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World Bank in Washington Opens Talks on Financing Cairo Projects

January 5, 1966
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Following the signing of a pact in Cairo yesterday between the United States and Egypt, under which America will supply the Nasser regime with $56, 000,000 worth of food in the next six months, talks were opened in Cairo today for World Bank financing of Egyptian development projects, according to dispatches received here from the Egyptian capital today.

George D. Woods, president of the World Bank in Washington, officially known as the International Bank for Reconstruction and Development, which is an agency of the United Nations, met with high Egyptian officials today to discuss the possibility of forming a consortium by the Bank itself and by leading financial establishments in the countries that are members of the Bank, to participate in the financing of some of Egypt’s development projects. The Bank itself is expected to finance some of the projects through loans repayable after 15 to 20 years.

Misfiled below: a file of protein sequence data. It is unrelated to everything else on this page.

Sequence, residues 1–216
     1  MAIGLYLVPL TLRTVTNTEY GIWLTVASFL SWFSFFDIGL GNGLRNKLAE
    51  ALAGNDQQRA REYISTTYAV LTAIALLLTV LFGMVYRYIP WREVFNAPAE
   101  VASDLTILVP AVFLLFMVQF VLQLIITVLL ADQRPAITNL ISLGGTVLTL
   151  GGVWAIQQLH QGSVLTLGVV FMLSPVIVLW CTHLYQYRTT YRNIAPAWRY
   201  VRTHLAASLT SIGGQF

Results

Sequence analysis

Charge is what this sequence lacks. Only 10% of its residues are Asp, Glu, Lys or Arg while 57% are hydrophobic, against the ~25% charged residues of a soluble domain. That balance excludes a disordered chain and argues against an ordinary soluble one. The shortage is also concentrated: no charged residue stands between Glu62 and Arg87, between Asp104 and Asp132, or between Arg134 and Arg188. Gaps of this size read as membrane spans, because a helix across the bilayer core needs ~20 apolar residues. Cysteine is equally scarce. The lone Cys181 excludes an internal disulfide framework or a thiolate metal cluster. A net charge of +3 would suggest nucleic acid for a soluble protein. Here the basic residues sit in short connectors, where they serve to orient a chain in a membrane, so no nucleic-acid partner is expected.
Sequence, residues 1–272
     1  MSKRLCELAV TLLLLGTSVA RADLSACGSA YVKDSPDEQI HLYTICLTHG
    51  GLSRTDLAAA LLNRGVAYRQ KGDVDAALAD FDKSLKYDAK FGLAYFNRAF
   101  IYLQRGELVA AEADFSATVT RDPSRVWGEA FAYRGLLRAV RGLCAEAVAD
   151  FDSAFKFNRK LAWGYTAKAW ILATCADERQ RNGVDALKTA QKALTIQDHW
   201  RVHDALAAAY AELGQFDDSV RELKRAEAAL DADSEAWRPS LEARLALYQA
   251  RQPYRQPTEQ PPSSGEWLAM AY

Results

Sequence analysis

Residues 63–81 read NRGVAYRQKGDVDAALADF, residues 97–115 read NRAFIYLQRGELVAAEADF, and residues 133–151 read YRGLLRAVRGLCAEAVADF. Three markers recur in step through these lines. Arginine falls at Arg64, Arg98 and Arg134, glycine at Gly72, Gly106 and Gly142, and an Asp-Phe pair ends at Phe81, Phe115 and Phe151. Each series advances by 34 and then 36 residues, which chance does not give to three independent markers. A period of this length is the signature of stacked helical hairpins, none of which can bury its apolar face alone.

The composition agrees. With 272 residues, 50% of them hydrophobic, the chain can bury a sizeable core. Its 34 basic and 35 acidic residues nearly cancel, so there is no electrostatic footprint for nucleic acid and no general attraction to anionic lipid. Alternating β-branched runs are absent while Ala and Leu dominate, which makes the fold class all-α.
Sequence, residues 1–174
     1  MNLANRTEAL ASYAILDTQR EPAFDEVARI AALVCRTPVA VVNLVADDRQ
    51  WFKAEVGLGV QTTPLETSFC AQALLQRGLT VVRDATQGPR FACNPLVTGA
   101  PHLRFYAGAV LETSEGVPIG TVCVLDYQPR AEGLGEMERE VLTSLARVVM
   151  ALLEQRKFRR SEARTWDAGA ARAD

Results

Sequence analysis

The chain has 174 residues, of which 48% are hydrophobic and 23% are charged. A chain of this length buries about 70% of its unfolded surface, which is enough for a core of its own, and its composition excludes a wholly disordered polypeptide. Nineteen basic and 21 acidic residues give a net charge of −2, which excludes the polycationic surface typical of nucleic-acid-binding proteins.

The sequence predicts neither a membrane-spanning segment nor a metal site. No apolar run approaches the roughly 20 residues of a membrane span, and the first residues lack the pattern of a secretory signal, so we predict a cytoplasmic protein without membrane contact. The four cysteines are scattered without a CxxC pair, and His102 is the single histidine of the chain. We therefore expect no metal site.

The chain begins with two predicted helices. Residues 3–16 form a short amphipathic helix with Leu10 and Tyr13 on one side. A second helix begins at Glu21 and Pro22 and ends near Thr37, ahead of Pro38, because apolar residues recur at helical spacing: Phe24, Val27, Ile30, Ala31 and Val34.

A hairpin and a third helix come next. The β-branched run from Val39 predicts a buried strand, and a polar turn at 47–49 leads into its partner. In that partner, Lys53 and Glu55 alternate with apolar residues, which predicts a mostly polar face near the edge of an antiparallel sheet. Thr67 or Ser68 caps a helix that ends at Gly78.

The principal Egyptian representative in those talks was Abdel Moneim el-Kaissonny, Deputy Premier for Financial and Economic Affairs, who signed yesterday the food agreement with U.S. Ambassador Lucius Battle. The pact calls for American supply of 750,000 tons of wheat and flour, 20,000 tons of edible vegetables, 3,500 tons of tobacco and 500 tons of poultry.

Another agreement will be signed in Washington next week authorizing a hard-currency lean to the United Arab Republic to cover part of this purchase. This loan of $14,600, 000 will be repaid over 20 years in dollars. The remainder of the cost of the aid will be repaid in Egyptian currency over 30 years. Of this 75 percent will be lent back to the Egyptian Government for development projects.

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